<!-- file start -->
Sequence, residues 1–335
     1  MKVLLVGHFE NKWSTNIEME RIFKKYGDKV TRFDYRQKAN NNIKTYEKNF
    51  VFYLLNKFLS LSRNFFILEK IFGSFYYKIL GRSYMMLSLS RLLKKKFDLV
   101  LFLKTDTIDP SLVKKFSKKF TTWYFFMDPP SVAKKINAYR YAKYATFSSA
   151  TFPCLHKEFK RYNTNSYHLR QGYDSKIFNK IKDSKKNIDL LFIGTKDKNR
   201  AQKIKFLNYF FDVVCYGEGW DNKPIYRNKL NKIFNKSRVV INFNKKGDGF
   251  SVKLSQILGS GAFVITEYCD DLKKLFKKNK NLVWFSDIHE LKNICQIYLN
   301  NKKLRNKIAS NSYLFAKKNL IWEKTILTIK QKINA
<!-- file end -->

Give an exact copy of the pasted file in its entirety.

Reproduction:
Sequence, residues 1–335
     1  MKVLLVGHFE NKWSTNIEME RIFKKYGDKV TRFDYRQKAN NNIKTYEKNF
    51  VFYLLNKFLS LSRNFFILEK IFGSFYYKIL GRSYMMLSLS RLLKKKFDLV
   101  LFLKTDTIDP SLVKKFSKKF TTWYFFMDPP SVAKKINAYR YAKYATFSSA
   151  TFPCLHKEFK RYNTNSYHLR QGYDSKIFNK IKDSKKNIDL LFIGTKDKNR
   201  AQKIKFLNYF FDVVCYGEGW DNKPIYRNKL NKIFNKSRVV INFNKKGDGF
   251  SVKLSQILGS GAFVITEYCD DLKKLFKKNK NLVWFSDIHE LKNICQIYLN
   301  NKKLRNKIAS NSYLFAKKNL IWEKTILTIK QKINA